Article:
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  • About
  • The Global ETD Search service is a free service for researchers to find electronic theses and dissertations. This service is provided by the Networked Digital Library of Theses and Dissertations.
    Our metadata is collected from universities around the world. If you manage a university/consortium/country archive and want to be added, details can be found on the NDLTD website.
1

The impact of nurses' values on the prevention of pressure ulcers : a Straussian grounded theory study

Samuriwo, Raymond K. January 2011 (has links)
This is a Straussian grounded theory study about the impact of nurses’ values on pressure ulcer prevention. Semi-structured interviews were used to gather data from participants (n=16) who were recruited from the non-acute adult medical wards of 14 hospitals in one NHS Trust and a local university. The participants were asked to talk about their experiences of preventing and managing pressure ulcers and their values were elicited from their accounts. The data were analysed and interpreted with Straussian grounded theory. Nurses were found to work according to the value that they placed on pressure ulcer prevention, as this value influenced the manner in which they prioritised and delivered skin care to their patients. Similar links between nurses’ values and their delivery of care with regards to other aspects of nursing were also identified. The delivery of care to prevent pressure ulcers was found to be subject to clinical priorities and other factors. As a result, the majority of care to maintain skin integrity was delivered by nursing auxiliaries and students because nurses were busy doing other things. Despite this, nurses who place a high value on pressure ulcer prevention appear to be more proactive and determined to deliver care that protects the integrity of their patients’ skin than their peers. This is highlighted by the participants’ accounts of how their prioritisation and delivery of care to prevent pressure ulcers changed when the value that they placed on pressure ulcer prevention increased from low to high. This study also identified the manner in which the value that nurses place on pressure ulcer prevention is formed and evolves. The recommendations that arise from this study are: further testing of this grounded theory in other settings to increase its generalisability and a greater awareness of the impact that the value that nurses place on different aspects of patient care has on their delivery of care to patients, especially with regards to pressure ulcer prevention. Nurse education and training must also take into account some of the factors that help to form and change the value that nurses place on pressure ulcer prevention. Greater attention needs to be paid to the value that nurses place on different aspects of nursing in view of the relationship between nurses’ values and care delivery, if patients are to receive the best possible care.
2

The impact of tele-advice on the community nurses' management of leg ulcers

Peters, J. Melanie January 2003 (has links)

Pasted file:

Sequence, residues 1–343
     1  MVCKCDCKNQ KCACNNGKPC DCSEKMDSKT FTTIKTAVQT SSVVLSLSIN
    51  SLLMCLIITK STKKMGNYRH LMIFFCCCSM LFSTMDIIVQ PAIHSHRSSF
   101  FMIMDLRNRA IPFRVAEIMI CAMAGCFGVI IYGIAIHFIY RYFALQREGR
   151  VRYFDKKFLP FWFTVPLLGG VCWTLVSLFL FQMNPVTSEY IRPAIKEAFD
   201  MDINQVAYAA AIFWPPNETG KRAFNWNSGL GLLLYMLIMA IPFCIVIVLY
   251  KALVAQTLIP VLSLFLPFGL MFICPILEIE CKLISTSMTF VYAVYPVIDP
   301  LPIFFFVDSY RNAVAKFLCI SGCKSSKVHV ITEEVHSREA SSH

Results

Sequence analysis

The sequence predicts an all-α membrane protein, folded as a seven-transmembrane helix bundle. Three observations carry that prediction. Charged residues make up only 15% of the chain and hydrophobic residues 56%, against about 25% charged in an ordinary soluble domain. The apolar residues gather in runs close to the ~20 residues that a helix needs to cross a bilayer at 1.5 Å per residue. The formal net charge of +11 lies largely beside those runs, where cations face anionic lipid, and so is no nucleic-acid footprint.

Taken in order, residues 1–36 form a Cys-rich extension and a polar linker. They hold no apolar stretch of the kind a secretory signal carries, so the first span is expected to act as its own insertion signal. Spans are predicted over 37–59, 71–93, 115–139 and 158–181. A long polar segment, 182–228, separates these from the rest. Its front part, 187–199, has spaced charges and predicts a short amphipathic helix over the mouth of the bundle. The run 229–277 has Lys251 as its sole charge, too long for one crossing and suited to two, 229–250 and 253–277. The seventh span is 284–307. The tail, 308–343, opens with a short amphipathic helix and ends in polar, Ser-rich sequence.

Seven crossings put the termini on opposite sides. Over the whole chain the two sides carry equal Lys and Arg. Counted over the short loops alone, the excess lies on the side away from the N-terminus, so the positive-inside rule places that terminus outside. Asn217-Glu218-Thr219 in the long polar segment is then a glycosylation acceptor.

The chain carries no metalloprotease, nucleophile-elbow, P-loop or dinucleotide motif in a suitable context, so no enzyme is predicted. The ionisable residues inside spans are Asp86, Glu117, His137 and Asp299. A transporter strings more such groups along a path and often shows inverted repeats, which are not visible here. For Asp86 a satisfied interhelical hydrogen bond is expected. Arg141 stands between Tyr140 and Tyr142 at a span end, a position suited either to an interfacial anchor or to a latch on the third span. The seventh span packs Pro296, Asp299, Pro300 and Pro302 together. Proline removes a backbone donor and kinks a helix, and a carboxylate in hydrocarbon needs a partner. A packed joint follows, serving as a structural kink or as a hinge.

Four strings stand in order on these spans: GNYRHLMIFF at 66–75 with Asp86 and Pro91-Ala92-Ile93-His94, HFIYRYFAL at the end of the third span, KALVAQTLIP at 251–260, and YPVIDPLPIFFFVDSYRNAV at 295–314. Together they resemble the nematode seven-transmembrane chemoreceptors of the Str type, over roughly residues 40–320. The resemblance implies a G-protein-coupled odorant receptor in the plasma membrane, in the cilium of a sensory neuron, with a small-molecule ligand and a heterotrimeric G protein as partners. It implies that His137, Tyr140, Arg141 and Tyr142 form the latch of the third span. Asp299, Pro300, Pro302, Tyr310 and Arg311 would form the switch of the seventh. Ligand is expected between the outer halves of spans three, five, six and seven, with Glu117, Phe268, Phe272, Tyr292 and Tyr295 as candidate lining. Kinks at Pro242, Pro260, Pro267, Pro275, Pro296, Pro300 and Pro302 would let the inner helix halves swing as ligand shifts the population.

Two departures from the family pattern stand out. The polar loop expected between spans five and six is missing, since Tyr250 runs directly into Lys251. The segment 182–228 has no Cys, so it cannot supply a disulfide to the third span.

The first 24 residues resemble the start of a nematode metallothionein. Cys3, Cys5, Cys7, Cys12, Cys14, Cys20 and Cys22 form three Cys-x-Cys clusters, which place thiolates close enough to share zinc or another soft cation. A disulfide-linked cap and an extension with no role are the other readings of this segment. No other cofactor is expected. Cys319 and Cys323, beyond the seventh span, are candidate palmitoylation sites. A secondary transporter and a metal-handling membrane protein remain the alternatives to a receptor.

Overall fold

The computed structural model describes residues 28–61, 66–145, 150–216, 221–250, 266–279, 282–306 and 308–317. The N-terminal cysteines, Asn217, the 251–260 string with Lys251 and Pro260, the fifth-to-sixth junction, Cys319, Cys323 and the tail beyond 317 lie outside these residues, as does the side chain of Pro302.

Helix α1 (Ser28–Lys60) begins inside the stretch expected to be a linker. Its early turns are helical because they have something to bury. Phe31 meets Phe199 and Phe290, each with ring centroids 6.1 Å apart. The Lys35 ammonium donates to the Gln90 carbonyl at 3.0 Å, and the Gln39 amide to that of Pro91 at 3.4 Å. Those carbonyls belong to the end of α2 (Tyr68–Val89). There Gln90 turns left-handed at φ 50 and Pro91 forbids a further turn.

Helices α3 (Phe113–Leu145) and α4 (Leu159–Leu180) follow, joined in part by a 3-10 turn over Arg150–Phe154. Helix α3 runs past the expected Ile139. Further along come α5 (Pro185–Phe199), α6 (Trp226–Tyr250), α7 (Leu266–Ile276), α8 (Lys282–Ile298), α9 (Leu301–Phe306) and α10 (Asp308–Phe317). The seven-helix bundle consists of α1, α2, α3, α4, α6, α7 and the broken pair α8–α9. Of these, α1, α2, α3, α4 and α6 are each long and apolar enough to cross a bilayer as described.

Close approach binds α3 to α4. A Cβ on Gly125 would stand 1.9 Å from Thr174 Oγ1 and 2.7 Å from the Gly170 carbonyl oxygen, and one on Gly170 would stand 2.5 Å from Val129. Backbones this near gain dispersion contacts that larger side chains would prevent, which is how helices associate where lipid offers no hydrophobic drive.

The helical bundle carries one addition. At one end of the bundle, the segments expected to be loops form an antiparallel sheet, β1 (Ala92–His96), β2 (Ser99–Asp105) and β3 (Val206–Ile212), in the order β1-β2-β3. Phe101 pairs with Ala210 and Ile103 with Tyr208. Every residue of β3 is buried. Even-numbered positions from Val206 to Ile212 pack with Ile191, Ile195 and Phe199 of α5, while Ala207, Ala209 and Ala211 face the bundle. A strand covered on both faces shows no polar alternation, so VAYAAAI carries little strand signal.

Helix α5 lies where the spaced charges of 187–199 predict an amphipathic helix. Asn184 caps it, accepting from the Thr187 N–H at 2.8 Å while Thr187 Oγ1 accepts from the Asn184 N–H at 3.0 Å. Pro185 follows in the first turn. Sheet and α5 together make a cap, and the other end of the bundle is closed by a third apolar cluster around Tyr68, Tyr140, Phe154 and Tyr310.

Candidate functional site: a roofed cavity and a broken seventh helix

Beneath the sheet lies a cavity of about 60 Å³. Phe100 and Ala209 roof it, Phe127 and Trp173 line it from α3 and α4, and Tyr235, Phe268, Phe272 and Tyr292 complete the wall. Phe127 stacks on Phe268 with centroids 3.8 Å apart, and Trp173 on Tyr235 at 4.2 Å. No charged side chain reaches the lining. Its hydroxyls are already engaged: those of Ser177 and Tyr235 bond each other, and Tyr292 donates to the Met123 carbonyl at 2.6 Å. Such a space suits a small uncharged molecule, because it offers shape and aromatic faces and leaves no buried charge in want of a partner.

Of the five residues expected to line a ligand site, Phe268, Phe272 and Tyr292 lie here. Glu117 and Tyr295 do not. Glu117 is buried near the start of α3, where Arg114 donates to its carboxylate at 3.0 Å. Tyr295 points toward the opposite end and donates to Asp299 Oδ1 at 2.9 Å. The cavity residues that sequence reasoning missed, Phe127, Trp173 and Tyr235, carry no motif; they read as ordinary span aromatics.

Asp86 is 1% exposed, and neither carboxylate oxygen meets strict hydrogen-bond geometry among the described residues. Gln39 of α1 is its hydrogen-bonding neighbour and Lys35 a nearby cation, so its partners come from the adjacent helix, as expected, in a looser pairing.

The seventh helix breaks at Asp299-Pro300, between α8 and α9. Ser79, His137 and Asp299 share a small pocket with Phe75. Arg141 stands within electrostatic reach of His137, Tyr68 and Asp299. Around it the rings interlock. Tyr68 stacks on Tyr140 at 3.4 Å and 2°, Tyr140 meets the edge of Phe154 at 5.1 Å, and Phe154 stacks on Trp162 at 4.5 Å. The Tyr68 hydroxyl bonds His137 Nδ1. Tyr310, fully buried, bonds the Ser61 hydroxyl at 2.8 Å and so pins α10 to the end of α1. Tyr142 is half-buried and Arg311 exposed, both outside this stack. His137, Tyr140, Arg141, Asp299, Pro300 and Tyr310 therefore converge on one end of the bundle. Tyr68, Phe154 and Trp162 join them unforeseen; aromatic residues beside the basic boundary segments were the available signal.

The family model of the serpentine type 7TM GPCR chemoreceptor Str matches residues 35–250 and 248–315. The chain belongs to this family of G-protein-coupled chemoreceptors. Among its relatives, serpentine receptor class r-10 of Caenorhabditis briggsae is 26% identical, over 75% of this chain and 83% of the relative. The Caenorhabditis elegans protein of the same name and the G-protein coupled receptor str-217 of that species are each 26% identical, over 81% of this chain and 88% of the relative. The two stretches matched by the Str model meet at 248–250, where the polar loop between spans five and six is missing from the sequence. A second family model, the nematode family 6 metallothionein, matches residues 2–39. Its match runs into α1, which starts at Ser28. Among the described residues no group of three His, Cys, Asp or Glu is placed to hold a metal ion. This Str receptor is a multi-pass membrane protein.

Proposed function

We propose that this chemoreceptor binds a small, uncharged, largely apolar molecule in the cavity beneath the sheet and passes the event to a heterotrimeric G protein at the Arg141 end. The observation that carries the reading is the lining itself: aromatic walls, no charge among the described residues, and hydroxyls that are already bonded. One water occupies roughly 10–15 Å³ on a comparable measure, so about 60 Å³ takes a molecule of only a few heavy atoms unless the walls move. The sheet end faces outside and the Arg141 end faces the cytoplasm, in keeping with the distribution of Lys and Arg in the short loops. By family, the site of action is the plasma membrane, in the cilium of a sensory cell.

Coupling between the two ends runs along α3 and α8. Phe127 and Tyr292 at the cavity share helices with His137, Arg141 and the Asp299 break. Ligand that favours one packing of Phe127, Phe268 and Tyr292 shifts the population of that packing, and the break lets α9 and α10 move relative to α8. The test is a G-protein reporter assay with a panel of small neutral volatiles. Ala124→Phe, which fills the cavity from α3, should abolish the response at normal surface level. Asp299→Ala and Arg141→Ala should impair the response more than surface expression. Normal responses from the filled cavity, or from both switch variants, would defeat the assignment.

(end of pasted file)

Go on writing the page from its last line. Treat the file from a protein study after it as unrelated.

This study attempted to investigate the impact of new technology, specifically tele-advice on community nurses' care of leg ulcers. Firstly, a stratified randomised controlled study was designed to measure the impact of using this technology on their levels of wound knowledge and confidence. An individual self-test questionnaire and an attitudinal scale measured nurses' knowledge and confidence respectively both pre and post-intervention. Secondly, a new visual wound assessment tool was designed to represent the state of the wound by a single numerical value; the State of the Wound Index (SWI). Thirdly, the impact of nurses' knowledge, confidence and patient variables was explored to assess their impact on the state of the wound as represented by SWI. The sample consisted of thirty-eight registered primary care nurses from two local NHS trusts in South Wales and their corresponding 38 patients with venous leg ulcers. Nurses were stratified according to their qualifications into experimental or control groups. Both groups were shown to have comparable levels of knowledge and confidence pre-intervention. Nurses in the experimental group received expert tele-advice by a Clinical Nurse Specialist (CNS) over a 12 week period regarding the care of their patient's leg ulcer, whilst those in the control group continued to care for their leg ulcer patients in the traditional way. hi the experimental group, nurses' level of knowledge increased significantly (p=0.02) whilst no improvement was observed for the control group. In terms of confidence, the experimental group reached near significance when extremely positive statements were excluded with no improvement observed for the control group. Results show that the intervention had a positively significant impact on nurses' wound care knowledge and level of confidence. A set of 18 tele-transmittable wound factors was identified by a panel of wound experts. These factors were ranked by another independent panel of leg ulcer experts and no significance could be established in their order of importance. These factors were then examined for their highest and lowest possible estimates for every wound in the sample both pre and post intervention using a Visual Analogue Scale (VAS). These estimated values formed the basis for 95% confidence interval estimates from which 100 virtual nurse assessed values were generated. These values were then used to generate SWI. This new index ranged from 0 (best possible state) to 100 (worse possible) and was seen to reliably increase when the wound deteriorated and decrease as the wound improved. Linear regression models were built to establish the relationship between SWI, patient variables and nurses' knowledge and confidence levels pre and post-intervention. These indicated that knowledge and confidence can have a positive impact on the healing process. This study has shown that there is great potential for the use of tele-advice in community nurses' care of leg ulcers. For this to succeed, it is recommended that further pre and post registration nurse training is provided to enhance their knowledge in wound care, especially in the areas of physiology and wound assessment.